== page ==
Allow them to Move Around
I don’t know about your kids, but mine does. not. sit. still. He is in constant motion and always has been. Even if he stays engaged in an activity in a general spot, his hands and body are moving in all different ways which can make photographing him challenging, but also makes for very interesting photographs. Making them feel like they need to sit still is stressful and will cause them to feel frustrated. Not only that, if your child is a mover like mine, that is authentically who he is. So any picture capturing that movement is one that is honest. Allowing your child to move about can also result in images you wouldn’t otherwise have. So often I think I am seeing the best possible version of the scene until my son moves and it became even better because he did!
Who Cares If They’re Smiling!?
We are so conditioned to think that we need to smile for a picture to be good. I don’t know about you but I definitely do not smile all day long. We experience all kinds of emotions, so why would you only ever want to capture one? The serious face a child makes when concentrating on a masterpiece, the face of frustration when they realize they built their lego creation wrong and have to start over, and tears when they accidentally knock over a castle they just built out of blocks. These are their real emotions, in that moment, and they are just as beautiful and valid as when they are feeling triumphant and joyous. Embrace all of the emotions that unfold naturally before you and don’t be afraid to capture them. Just don’t forget to comfort your little one and lift them back up if they need it. I know I sometimes get stuck behind the camera and have to remind myself I am needed in this moment right now.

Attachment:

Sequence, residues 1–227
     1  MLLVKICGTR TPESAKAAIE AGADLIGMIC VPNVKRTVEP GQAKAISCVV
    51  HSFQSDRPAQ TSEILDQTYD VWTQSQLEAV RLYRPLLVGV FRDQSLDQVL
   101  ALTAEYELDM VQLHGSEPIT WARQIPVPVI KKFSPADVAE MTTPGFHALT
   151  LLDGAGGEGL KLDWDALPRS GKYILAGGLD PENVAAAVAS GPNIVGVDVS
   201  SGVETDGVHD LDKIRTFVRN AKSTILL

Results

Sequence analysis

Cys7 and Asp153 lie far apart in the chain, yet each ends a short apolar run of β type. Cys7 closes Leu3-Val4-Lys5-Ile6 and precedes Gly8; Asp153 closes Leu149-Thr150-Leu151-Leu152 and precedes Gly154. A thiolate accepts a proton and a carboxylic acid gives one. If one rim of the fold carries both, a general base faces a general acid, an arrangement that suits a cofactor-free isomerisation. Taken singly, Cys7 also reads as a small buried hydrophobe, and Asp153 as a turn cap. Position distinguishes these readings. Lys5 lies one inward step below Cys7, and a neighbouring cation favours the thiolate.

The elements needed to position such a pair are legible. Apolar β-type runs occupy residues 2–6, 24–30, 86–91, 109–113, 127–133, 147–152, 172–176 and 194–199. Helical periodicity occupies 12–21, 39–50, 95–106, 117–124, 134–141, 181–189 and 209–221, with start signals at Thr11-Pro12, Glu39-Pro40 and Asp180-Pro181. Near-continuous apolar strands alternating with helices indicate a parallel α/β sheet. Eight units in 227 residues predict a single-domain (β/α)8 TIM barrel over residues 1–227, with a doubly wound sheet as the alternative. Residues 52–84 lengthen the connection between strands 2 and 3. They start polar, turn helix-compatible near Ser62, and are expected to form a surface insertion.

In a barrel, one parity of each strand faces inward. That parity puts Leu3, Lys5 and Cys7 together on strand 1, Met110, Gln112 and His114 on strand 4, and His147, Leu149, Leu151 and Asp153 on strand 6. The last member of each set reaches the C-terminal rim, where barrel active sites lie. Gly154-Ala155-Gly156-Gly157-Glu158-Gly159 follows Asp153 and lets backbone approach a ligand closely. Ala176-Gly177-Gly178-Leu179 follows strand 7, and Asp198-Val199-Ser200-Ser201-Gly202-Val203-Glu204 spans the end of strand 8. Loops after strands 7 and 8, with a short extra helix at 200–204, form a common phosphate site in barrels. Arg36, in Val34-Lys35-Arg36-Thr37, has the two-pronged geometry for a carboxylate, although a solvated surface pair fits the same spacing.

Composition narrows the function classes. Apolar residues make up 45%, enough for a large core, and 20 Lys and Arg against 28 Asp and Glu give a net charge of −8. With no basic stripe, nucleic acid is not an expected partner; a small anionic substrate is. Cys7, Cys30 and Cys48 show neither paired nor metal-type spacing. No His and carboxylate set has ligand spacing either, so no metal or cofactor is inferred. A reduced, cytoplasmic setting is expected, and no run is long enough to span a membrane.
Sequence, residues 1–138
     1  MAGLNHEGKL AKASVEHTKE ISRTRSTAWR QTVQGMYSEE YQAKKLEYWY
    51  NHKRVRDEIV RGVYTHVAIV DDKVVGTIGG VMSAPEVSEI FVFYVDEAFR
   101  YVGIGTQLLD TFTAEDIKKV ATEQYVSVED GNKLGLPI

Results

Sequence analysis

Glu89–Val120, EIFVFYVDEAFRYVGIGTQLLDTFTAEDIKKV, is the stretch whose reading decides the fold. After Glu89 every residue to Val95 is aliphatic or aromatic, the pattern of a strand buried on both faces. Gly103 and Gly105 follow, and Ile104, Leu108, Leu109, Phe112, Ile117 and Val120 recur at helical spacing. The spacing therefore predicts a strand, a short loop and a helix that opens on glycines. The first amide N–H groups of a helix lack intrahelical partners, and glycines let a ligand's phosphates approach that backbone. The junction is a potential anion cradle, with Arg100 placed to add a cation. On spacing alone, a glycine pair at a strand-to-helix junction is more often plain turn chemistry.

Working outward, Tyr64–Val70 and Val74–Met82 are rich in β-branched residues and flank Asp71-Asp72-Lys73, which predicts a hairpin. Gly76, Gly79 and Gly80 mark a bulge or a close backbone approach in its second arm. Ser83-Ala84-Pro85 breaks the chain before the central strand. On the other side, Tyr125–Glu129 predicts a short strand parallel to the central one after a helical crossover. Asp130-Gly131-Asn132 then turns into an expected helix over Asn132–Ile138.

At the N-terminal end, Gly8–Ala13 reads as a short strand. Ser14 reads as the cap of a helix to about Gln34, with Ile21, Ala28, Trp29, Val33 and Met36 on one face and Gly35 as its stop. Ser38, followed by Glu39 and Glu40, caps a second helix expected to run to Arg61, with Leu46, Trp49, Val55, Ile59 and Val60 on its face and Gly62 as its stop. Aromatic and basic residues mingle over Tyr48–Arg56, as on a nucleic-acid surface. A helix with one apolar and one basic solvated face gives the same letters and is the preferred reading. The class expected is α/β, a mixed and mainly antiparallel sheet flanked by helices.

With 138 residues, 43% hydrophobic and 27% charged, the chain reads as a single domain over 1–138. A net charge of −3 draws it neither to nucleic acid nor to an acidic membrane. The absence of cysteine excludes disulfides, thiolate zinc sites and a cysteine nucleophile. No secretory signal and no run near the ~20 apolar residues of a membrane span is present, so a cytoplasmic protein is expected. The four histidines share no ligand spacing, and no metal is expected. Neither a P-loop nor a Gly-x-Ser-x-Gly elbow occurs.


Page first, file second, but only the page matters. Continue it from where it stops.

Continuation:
Curb the Cheesing
When a child is engaged in play or an activity that brings them joy, they are preoccupied with a task that is important and interesting to them so they don’t feel the pressure to perform. My son is so used to this approach, I honestly don’t think he even notices the camera most of the time. Other children who have been trained to smile for the camera can often ham it up for the camera. As soon as someone pulls a camera out they stop what they are doing and say “cheese” or they start goofing off and putting on a show. Taking the approach of allowing your child to be so engaged in something that interests them, will help to curb the habit of cheesing.